Will individual investors be able to open accounts using arrangements such as personal investment companies, trusts or family offices?
Specific investor eligibility requirements will require new procedures and controls in place if banks wish to provide the Wealth Management Connect service to their clients.
No details have been given as yet on what types of products constitute “low-risk, simple investment products” – we assume for now this would exclude products that would be classed as “complex products” under the Hong Kong regulatory regime (for example exchange-traded derivatives). However, could this scheme permit instruments such as certificates of deposit and exchange-traded funds?
Existing FX and transfer quotas
Under existing regulation by the State Administration of Foreign Exchange, Mainland domestic individuals are subject to an annual quota of US$50,000 for foreign currency conversions or purchases relating to capital account items. On the other hand, Hong Kong individuals currently may only transfer up to RMB80,000 per day to an account in the Mainland. On the basis that cross-boundary remittances under the scheme will be managed in a closed-loop as described above and cross-boundary remittances will be carried out in renminbi only, it remains to be seen whether these existing quotas would apply to the Wealth Management Connect scheme but it seems to make more sense that they should not.
The Joint Announcement notes that the scheme “will be governed by the respective laws and regulations on retail wealth management products applicable in the three places with due regard to international norms and practices”. Eddie Yue’s commentary refers to finding common ground between the three regimes. Will this result in a specific set of rules for Wealth Connect which may “switch off” some of the investor protection steps specific to particular jurisdictions? If so, this raises once again the potential requirement for firms to have a new set of systems and controls which would apply to Wealth Management Connect customers.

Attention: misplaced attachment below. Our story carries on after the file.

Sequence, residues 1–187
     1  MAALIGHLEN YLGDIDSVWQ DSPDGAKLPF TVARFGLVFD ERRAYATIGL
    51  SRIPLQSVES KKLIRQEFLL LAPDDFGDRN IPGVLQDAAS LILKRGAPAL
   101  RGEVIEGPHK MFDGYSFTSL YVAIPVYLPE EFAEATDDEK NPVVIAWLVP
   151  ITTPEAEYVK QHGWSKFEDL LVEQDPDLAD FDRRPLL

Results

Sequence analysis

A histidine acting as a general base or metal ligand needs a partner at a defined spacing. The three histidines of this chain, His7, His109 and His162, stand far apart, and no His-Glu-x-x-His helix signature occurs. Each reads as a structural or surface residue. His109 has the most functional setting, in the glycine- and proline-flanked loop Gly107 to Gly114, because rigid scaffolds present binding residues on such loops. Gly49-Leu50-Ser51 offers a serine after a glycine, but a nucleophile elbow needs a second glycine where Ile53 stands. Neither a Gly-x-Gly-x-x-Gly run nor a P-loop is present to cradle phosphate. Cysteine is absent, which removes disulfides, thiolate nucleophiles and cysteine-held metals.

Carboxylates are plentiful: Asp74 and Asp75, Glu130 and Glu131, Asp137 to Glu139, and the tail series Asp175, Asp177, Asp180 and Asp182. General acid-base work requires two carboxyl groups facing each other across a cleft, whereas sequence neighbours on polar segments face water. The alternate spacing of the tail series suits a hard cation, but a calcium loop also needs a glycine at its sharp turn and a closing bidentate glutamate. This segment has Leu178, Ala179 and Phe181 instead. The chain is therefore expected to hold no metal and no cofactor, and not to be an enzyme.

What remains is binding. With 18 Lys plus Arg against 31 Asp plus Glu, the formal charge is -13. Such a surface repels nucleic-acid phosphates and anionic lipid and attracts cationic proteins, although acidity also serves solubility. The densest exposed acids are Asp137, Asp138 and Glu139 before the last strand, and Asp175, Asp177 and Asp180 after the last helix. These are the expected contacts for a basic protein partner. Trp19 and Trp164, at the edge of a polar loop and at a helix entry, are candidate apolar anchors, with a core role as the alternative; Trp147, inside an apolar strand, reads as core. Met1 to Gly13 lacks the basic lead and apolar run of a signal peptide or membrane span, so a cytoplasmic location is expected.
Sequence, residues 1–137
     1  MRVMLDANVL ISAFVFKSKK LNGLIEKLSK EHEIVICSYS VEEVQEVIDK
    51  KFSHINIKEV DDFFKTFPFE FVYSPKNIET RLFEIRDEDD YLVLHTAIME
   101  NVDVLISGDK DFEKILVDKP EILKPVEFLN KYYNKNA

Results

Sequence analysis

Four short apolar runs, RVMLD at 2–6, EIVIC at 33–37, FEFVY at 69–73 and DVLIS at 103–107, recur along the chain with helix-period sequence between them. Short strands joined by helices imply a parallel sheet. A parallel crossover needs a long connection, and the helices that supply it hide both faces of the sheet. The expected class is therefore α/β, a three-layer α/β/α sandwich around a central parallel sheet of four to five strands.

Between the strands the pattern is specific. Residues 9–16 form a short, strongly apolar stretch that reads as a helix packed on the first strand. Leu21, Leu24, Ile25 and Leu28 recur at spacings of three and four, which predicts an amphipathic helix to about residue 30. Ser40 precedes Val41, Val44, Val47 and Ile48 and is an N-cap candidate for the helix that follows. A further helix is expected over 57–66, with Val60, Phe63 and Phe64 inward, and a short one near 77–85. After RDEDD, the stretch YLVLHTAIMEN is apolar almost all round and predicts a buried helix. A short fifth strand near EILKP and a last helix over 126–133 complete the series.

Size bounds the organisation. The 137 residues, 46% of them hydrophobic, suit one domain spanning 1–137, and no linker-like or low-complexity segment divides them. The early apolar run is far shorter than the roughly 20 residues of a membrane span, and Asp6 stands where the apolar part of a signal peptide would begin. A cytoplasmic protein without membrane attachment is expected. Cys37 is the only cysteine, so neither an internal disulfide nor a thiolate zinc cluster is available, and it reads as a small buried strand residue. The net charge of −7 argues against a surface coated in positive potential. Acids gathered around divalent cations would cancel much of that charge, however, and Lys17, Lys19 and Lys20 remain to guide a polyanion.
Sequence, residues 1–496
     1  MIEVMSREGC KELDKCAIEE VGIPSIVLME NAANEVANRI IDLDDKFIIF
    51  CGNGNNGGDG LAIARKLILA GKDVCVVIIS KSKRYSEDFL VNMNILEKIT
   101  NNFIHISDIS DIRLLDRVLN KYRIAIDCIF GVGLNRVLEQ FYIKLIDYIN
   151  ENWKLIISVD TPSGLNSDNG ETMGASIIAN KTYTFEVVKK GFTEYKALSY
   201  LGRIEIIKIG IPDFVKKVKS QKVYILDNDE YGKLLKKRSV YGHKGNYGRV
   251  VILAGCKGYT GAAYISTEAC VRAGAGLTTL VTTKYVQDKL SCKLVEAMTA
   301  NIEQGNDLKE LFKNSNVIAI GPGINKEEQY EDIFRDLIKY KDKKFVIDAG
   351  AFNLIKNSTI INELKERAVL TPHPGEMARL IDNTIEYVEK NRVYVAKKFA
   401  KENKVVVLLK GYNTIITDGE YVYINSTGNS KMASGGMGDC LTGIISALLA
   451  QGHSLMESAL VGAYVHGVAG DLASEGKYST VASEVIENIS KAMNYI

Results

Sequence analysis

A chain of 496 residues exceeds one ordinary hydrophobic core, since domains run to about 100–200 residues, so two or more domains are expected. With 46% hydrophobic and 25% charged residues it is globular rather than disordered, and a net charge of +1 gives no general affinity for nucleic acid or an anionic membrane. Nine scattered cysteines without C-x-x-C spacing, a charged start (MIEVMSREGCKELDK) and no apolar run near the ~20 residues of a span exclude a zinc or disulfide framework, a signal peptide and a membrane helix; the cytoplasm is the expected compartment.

Also, how will the scheme address issues such as mis-selling legislation? The Joint Announcement notes that “Relevant regulators in the Mainland, Hong Kong and Macao will each take necessary measures to establish effective mechanisms under Wealth Management Connect to tackle, based on the principle of territorial administration, any illicit activities in a timely manner, with a view to protecting the interest of investors.” (emphasis added). Could this mean that issues such as mis-selling will be dealt with on the basis of the laws of the home jurisdiction of the product distributor? If so, will there be additional disclosures which will have to be provided to clients?
What mechanisms will be in place to ensure that the individuals remain within their quota? For example, will individuals be limited to opening a main remittance account with just one GBA bank in their residence city who will be responsible for ensuring they do not breach quota limits, while allowing such individuals to purchase products from multiple banks across the border, or will individuals be allowed to open multiple remittance accounts with multiple GBA banks in their residence city? Will banks need to have established agreements, networks or relationships with other GBA banks in order to permit the arrangements?
Once individuals have set up an investment account, will it be possible to change the provider and transfer assets directly from one investment provider to another, or will there be a requirement to repatriate funds back to the remittance bank first before switching? If individuals are not limited to opening a “main” remittance account with a single bank, what measures will be in place to manage an individual’s quota (for examples, disclosures or certification)?
This may require potential systems changes in order to have quota limits programmed within the banks’ systems and controls, potentially including restrictions such as “sell only” once quotas are met.
For further information, please contact:
Chong Liew, Partner, Linklaters